Sheepmeat Regime

Oral Answers to Questions — Agriculture, Fisheries and Food – in the House of Commons at 12:00 am on 25th May 1989.

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Photo of Mr Geraint Howells Mr Geraint Howells , Ceredigion and Pembroke North 12:00 am, 25th May 1989

To ask the Minister of Agriculture, Fisheries and Food if he will make a statement on progress on the negotiations on the future of the sheepmeat regime.

Photo of Mr John MacGregor Mr John MacGregor Secretary of State for Agriculture, Fisheries and Food

Discussions on the Commission's proposals for changes to the sheepmeat regime have made little progress. I suspect that negotiations are likely to continue for some time.

Photo of Mr Geraint Howells Mr Geraint Howells , Ceredigion and Pembroke North

I am sure that many of our sheep farmers would like to know whether the Minister is in favour of the present grading system, the deficiency payment and the headage payment, or is he in favour of further cuts in support systems.

Photo of Mr John MacGregor Mr John MacGregor Secretary of State for Agriculture, Fisheries and Food

I certainly think that we have to tackle the escalating cost of the sheepmeat regime because it has virtually doubled in three years and is now nearly 1.7 million ecus. In terms of the outcome of the regime, I am very much in favour of ensuring a system that will enable our industry to gain full benefits from its excellent structure, efficiency and expertise and from our natural advantages. I suspect that at some stage we will be looking at a different set of proposals, which is why I do not want to be too specific about how exactly we achieve our objectives. I am clear about our objectives and that we want to ensure that our sheepmeat industry has the maximum opportunities in the Community. I have made it clear from the outset that I am opposed to limits on headage payments.

Photo of Mr Ian Bruce Mr Ian Bruce , South Dorset

My right hon. Friend will know that the farmers of south Dorset are particularly well set up and very efficient producers of mutton and lamb, and that they depend very much on the sheepmeat regime. Can my right hon. Friend reassure them that by a combination f the sheepmeat regime and green pound reform the Government will ensure that it is economic to produce mutton and lamb well into the next century?

Photo of Mr John MacGregor Mr John MacGregor Secretary of State for Agriculture, Fisheries and Food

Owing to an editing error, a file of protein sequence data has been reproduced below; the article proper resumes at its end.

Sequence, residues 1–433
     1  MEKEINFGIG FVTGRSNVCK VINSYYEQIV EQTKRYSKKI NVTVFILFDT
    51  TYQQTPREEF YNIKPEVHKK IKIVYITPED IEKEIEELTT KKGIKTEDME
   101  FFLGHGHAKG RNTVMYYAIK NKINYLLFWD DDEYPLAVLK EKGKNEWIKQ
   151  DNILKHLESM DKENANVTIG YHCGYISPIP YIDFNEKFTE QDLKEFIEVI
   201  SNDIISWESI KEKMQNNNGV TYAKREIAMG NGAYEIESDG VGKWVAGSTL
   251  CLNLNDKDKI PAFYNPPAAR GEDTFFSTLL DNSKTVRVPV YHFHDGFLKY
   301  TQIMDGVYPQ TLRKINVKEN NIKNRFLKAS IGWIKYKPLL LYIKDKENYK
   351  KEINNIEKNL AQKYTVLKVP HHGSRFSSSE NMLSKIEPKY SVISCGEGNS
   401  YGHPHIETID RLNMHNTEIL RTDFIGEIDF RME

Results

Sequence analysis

I can assure my hon. Friend that that is very much my objective. Recent decisions that I have secured in the Community have proved that. My hon. Friend will know that the green pound devaluation which we secured in the recent price negotiations was more than double that of our nearest competitors in the Community. That greatly improves the competitive position of our producers and is another indication of how I fight for their interests.

Photo of John Home Robertson John Home Robertson , East Lothian

What is the Minister's reaction to the fact that the European Commission wants to do away with variable premiums by 1992? The Commission specifically proposes to impose headage limits for hill livestock compensatory allowances. Is that not a serious threat of discrimination against British producers, especially those in the hills and uplands? Will he take this opportunity to give sheep farmers and their employees a clear statement of his and the Government's intentions for the future of the industry?

Photo of Mr John MacGregor Mr John MacGregor Secretary of State for Agriculture, Fisheries and Food

I have already made it clear that I am determined to fight for their interests in the way that I have always done. I have indicated the extra benefit that we secured in the price negotiations this year. I am as opposed as anyone to the imposition of limits on headage payments, because as well as running against the general objective of the CAP, which is to reward efficient producers and take advantage of natural advantages, it is clearly discriminatory. It also fails to take account of the importance to producers on quite modest incomes of the need to have substantial numbers of sheep in certain parts of the country, especially in Scotland where I have been for the last two days and where I thoroughly discussed these matters with Scottish sheep producers.